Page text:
What good is having a sports car if you can’t take it out on the highway and open it up once in a while?
That’s the same mantra employees at Denver Water’s Recycling Plant had of their facility.
“The Recycling Plant is designed to process 30 MGD (million gallons per day),” said Rob Johnson, water treatment lead. “I think the most we’d done was 21 sporadically. It was just idling. We weren’t getting the best efficiency out of it.”
So, they did something about it.
By using Denver Water’s Continuous Improvement model, the team embarked upon a project they call POP, or Prospective Operational Planning.
As part of the process, the team determined that they could shut the plant down at night and on weekends and holidays, if demand is low. Then, to make up for the down time, the staff could produce more water during regular working hours.
“It was like we owned a sports car and only drove it through school zones at slow speeds,” said Tyler Johnson, water treatment lead. “With this new approach, we finally got the chance to hit the throttle. Now that we’re not riding the brakes, we see fewer problems with the equipment.”
Denver Water’s Recycling Plant takes water that’s gone through our homes and been cleaned at the Metro Wastewater plant, cleans it again to a high, but non-drinking water standard and delivering it to specific customers for purposes such as irrigation and industrial cooling.
Due to the type of customer uses for recycled water, the Recycling Plant produces less water than Denver Water’s three drinking water treatment plants, particularly during the winter when there is little to no outdoor irrigation.
Under the new process, when the plant is down, operators remotely monitor chemical and water levels on their laptops, while alarms on their mobile phones notify them if anything is wrong.
After making the initial changes to the plant’s run schedule, plant employees kept looking for more efficient ways to accomplish their work.
They found one quickly. A third shift of employees, called the flex team, was created to operate the plant into the evening, if needed.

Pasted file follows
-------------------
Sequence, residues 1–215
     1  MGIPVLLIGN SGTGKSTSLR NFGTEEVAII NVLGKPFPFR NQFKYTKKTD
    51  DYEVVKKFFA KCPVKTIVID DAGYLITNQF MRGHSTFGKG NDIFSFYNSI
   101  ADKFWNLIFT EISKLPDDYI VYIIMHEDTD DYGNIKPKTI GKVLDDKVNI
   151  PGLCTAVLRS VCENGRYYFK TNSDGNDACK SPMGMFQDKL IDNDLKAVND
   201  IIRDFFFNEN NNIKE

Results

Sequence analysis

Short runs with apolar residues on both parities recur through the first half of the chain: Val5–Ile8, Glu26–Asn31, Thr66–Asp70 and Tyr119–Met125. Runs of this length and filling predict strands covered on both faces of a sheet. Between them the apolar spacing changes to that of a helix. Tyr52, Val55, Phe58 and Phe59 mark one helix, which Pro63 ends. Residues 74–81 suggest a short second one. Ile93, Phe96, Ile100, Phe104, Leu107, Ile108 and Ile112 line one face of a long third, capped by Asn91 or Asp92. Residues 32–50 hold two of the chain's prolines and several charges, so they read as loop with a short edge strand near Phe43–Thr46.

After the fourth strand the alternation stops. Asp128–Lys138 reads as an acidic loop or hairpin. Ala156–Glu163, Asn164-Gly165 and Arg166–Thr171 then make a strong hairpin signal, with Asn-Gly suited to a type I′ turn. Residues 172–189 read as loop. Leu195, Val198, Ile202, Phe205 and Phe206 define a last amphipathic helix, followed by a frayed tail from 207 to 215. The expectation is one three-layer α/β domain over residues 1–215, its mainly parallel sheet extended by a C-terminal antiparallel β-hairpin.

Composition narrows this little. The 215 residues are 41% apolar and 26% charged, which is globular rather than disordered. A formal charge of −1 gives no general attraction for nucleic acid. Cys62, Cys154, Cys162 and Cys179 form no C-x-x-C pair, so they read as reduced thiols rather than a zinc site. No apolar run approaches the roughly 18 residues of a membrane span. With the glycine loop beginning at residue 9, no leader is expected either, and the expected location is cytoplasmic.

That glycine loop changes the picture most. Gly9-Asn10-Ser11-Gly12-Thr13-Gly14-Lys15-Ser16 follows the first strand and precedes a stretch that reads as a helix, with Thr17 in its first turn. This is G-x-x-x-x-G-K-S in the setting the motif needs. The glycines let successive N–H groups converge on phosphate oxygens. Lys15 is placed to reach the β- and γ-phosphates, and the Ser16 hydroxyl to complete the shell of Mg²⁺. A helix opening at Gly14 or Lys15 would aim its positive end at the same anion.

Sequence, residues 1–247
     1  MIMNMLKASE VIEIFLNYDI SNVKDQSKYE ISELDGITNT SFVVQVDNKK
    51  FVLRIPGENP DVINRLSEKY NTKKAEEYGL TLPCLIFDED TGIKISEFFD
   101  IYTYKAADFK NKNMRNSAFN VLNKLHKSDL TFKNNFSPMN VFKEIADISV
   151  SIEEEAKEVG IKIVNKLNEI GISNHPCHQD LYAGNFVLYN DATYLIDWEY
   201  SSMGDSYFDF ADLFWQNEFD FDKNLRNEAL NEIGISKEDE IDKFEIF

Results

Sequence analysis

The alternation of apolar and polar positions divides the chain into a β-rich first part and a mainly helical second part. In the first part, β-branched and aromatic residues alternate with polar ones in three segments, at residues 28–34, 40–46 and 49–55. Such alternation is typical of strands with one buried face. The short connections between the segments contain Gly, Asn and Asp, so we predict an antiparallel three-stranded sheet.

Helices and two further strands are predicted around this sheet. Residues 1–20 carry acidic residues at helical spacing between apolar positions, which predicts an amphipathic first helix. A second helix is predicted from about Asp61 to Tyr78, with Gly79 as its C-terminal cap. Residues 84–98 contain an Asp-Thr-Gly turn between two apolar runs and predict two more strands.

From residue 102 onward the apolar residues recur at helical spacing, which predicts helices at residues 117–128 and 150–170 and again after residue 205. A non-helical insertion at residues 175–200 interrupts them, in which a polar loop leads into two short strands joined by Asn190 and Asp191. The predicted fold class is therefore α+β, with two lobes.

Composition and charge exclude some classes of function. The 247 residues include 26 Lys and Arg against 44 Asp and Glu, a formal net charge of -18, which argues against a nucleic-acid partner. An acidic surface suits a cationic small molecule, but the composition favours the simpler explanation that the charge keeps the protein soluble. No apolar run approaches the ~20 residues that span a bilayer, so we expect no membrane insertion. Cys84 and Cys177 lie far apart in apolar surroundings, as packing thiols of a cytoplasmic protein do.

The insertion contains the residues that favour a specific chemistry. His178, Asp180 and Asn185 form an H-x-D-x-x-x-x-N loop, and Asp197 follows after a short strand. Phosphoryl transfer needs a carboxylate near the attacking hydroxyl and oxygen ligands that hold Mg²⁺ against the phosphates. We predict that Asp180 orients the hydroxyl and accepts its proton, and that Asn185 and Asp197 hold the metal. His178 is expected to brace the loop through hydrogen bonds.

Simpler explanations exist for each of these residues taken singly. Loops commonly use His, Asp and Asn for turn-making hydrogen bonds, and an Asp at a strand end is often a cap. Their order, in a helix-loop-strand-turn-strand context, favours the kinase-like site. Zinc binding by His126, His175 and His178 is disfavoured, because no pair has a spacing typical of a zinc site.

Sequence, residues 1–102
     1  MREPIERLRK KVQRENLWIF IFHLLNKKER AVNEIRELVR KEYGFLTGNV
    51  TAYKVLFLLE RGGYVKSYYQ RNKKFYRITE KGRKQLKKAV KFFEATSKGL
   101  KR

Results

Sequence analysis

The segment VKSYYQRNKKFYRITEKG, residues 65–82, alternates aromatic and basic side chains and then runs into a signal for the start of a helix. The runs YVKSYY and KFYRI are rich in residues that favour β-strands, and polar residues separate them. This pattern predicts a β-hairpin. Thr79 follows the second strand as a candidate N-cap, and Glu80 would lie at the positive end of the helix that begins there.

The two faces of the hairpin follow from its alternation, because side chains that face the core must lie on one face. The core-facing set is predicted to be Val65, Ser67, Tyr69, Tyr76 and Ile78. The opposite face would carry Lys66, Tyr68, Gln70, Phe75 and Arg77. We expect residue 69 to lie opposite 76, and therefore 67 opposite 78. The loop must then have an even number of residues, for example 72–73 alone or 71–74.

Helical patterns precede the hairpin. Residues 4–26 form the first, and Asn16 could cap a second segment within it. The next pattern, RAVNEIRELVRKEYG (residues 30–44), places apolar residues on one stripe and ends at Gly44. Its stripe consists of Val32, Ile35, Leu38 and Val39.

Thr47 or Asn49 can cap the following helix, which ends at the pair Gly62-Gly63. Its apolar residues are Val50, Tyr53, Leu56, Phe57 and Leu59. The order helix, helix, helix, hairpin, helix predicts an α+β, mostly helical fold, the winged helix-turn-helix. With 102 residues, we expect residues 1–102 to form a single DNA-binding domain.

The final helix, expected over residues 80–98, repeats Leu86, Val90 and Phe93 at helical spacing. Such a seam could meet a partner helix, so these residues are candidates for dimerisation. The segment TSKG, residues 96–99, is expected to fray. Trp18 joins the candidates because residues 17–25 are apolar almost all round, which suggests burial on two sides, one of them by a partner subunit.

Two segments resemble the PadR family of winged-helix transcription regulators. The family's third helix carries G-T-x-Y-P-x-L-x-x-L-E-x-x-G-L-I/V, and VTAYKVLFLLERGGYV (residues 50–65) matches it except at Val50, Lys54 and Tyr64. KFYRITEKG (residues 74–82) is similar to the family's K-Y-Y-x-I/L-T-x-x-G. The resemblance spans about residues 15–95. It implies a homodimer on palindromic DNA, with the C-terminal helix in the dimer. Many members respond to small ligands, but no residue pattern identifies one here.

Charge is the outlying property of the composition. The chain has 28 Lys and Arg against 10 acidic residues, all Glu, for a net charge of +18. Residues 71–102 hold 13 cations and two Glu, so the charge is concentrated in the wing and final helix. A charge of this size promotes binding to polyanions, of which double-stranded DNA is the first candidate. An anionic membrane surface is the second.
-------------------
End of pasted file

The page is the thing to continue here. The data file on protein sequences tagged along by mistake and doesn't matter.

“We didn’t utilize the flex team as much as we thought we would,” said Tyler. “With the new operating strategy, we were able to produce enough water earlier in the day than anticipated.”
He explained that this flex team is now focusing on other work, and by the end of 2018, the plant can be operated with about half the staff it took in 2016.
So what does that mean for those employees?
Russ Plakke, water treatment plant manager, now allocates only a quarter of his time to the Recycling Plant while spending the rest of his time working on higher-level projects, like investigating future treatment plant options and needs. Natural attrition reduced some staffing, and a few recycling staff members took other jobs at Denver Water.
All of these changes stand to save Denver Water nearly $600,000 annually in labor costs.
“We have always been encouraged to challenge assumptions and continuously improve,” said Shana Colcleasure, water treatment lead.
At first, some employees were concerned about missing out on overtime and differential pay, Tyler said.
“But on the flip side, there is more work-life balance,” he said. “We no longer work nights and holidays. Weekend operation only occurs during high-demand periods, and our staff is able to spend more time with their families.”
And, maybe take that sports car out for a spin more often.